I know right now everyone is talking cookies and tofurkey, eggnog and chocolate, but I’ve got another kind of winter warmer on my mind – pho. Pho is food I crave basically anytime I’m feeling a cold coming on, or anytime it is raining or grey (so basically October to March here on the West Coast, unless you are the Winter of 2016/2017 and then you were nothing but sunny and ice-freakin’-cold so same-same, really). I know ramen is all the rage, but as far as I can tell, ramen has not taken hold of New West the way pho has.
What you like about pho is probably different than what I like about pho, so your results will almost assuredly vary from me. For me, it’s about the broth, primarily, but also about how well assembled all the bits are, and what the noodles are like. If you’re not familiar with pho, it is a Vietnamese noodle soup. It is typically made with beef broth, though a few restaurants have been introducing vegetarian versions. In New West, there is also V Cafe on the corner of Carnarvon and 8th Street, and I haven’t included them here because it’s really hard to compare a vegetarian version of pho with the beef broth version. But, the V Cafe is definitely worth a stop in as their daily specials are usually an awesome price and their menu is more than just vegetarian pho.
If you’re a pho-novice or have never tried it, Vincent and Mikey Kha, a father-son duo who own a pho restaurant give you a good primer of what goes into pho and how to eat it, plus a little note on pronunciation (which is why I didn’t call this post the “New West Pho-Down” despite that being a really incredible pun opportunity).
Pho is also typically cheap, hot, and fresh, with a special emphasis on the cheap part. I once considered making pho at home, but I cannot duplicate the quality you’ll get at even the crappiest restaurant for the price you typically pay, because of the work required and the long list of ingredients you need. Campbell’s recently came out with pho broth, but it’s somewhat telling that if you Google that, you will get next to no results returned that aren’t generated from Campbell’s themselves.
For “science” for this Pho Tour, I ordered the same thing from each restaurant as best as I was able (small pho tai which is pho with rare beef steak in it, with ham and shrimp salad rolls, and tea), and I also consistently went at lunch. I applied a $ to $$$ rating based on what my bill was, rather than give you the specific bill amount, since that will change over time anyway.
The TL; DR winner here in New West is Saigon Ivy, but read on for the details of the five restaurants I tried.
Saigon Ivy, at 520 6th Street in Uptown New West is my clear winner. They have the best service of all five restaurants I visited, and their broth had the most robust flavours. It was salty without being too salty, and had the most depth. Their salad rolls come with both ham and shrimp and were nicely moist and their peanut sauce was the best of the bunch They also came in as one of the cheaper restaurants. The bowl size was ample. $$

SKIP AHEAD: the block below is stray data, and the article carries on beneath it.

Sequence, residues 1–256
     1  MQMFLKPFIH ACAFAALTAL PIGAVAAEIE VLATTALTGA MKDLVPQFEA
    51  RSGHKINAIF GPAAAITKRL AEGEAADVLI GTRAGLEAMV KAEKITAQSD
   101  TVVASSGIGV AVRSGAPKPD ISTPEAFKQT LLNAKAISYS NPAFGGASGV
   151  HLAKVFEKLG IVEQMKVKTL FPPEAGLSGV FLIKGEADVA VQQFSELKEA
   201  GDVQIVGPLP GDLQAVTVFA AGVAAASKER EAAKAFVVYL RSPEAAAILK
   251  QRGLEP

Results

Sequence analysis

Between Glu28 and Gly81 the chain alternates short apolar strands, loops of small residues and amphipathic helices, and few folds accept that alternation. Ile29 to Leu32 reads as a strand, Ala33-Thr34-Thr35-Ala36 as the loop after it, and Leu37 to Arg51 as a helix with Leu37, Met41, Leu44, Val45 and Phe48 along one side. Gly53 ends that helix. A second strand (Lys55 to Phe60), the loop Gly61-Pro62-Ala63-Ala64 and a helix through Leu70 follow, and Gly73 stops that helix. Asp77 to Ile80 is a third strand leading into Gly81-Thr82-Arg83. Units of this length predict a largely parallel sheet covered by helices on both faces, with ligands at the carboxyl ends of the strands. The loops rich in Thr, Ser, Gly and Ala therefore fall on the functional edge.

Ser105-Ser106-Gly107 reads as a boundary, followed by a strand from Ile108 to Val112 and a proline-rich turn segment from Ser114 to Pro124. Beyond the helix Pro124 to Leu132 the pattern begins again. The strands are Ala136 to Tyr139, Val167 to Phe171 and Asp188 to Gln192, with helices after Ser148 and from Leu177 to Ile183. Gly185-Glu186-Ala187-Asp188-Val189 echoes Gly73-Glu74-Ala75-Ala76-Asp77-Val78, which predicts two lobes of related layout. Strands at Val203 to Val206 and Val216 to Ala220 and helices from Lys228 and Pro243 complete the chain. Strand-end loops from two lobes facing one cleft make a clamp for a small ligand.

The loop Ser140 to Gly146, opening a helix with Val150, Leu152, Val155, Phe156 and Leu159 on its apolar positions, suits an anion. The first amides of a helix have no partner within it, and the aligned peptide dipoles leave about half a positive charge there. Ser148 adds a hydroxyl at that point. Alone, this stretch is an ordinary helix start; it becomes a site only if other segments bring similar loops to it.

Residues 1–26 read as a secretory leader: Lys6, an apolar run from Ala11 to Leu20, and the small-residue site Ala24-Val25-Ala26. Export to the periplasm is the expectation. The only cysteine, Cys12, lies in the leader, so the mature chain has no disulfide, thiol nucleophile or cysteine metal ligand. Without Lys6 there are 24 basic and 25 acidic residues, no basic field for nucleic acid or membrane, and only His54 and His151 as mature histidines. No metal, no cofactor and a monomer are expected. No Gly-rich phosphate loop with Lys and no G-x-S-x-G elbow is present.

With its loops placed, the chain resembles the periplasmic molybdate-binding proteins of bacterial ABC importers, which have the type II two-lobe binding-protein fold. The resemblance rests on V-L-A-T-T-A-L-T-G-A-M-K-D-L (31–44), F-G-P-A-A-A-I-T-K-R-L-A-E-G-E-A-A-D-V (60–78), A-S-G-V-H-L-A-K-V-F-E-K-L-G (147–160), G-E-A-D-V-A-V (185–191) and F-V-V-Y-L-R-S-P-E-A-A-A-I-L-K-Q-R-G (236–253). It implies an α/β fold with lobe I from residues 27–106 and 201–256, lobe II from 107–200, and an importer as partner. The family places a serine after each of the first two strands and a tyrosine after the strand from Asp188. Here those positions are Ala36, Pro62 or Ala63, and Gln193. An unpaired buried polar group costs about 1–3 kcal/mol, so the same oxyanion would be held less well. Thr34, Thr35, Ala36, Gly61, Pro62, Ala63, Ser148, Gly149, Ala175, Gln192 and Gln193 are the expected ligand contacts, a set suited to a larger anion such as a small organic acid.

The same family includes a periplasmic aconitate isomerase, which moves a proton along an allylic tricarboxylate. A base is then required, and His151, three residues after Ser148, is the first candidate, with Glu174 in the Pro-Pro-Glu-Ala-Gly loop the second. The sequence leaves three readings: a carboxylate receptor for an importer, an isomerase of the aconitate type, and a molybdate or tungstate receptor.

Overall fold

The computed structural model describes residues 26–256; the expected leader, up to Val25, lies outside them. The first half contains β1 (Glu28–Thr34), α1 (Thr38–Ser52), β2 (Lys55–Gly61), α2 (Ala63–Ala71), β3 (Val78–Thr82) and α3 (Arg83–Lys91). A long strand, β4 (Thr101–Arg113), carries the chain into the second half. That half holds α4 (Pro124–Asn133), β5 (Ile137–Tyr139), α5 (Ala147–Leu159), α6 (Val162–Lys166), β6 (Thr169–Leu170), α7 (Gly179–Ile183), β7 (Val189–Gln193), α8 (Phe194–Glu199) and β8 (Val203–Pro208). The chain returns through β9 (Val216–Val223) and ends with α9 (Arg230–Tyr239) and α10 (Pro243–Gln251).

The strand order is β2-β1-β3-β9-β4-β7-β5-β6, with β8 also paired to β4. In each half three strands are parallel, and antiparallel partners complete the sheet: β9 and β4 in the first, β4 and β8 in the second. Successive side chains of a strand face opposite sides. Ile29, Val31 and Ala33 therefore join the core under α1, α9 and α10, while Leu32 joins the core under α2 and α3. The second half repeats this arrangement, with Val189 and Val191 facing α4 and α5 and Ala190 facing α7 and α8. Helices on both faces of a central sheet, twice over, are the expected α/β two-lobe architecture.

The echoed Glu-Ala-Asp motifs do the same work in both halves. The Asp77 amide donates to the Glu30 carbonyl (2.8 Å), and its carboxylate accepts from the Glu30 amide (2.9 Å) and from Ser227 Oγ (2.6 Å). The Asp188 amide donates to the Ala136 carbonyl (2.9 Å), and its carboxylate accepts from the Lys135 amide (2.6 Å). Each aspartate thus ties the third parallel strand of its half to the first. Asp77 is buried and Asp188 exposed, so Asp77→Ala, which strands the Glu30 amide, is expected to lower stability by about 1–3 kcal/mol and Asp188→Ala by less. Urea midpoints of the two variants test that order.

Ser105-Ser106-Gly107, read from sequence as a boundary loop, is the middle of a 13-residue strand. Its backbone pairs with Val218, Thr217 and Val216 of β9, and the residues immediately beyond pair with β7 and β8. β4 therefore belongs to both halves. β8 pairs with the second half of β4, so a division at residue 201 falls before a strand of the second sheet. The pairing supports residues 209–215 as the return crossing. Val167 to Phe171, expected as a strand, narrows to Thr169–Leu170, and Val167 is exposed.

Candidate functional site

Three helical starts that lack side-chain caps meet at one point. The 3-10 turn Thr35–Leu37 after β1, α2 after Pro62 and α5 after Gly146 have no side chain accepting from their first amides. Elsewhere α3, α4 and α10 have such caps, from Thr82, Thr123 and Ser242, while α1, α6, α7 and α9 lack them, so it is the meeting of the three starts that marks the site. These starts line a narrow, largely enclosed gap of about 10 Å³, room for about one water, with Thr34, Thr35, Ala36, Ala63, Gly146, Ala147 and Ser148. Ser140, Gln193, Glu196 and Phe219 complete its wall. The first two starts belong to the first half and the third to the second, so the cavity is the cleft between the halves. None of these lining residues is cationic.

Pho Chung Nam is uptown as well, located at 522 Sixth Avenue. They had a pretty robust menu of other things besides pho, so they do a very brisk lunch business and they’ve been around for ages. Service is great. Their salad rolls are just prawn, and they only offer their pho as a one size. It is piping hot, and comes out really fast, and the tea never stops. $$
Pho Chan is over on the east side, in Royal Square Mall at 800 McBride Boulevard. Downsides for me are that their salad rolls don’t have ham, just shrimp, and the restaurant is set up so that you can’t not watch TV, usually set to cooking shows.Pluses: the staff are friendly and service is decent. Plus, they use a deeper style of spoon than the typical white plastic pho spoon, which I liked. Their broth was nothing to write home about, but didn’t offend either, and that’s basically the entire restaurant’s review – nothing to rave about, but nothing bad. Pricing was slightly higher than I expected for what I got, but I didn’t feel it was out of line: $$$.
Pho Pho You is the newest pho restaurant here in town, located downtown at 441 Columbia Street. I’d heard a lot of buzz about them when I visited, and I walked away a bit disappointed. Their pricing was good, and their broth was decent, but they were out of basil – an essential ingredient in pho – which was surprising. The rare beef steak was cut way too thick so it was hard to eat or even pull apart and there were waaaayyyy too many onions in the bowl. And, despite being the only person in the restaurant, I had to ask three times to get my tea refilled. $$
Pho Maxima was once my favourite, back when it was located on Edmonds and Canada Way, but has fallen far down the list, though the food is still pretty decent. Now located on the west side at 822 20th Street, it’s not the easiest to get to via transit. Unfortunately, the parking lot is a nightmare because of the other tenants in the strip mall (a preschool and a daycare and a pizza joint who will come out and yell at you if you park in front of their shop despite nothing being marked) and the restaurant is probably the coldest room I’ve ever sat in – most likely from the plywood door. They need some physical improvements badly to their space and it really ruined what used to be a reliable experience for me. They were less expensive than the others I went to, but the the food wasn’t great enough that it made it easy to overlook everything else. $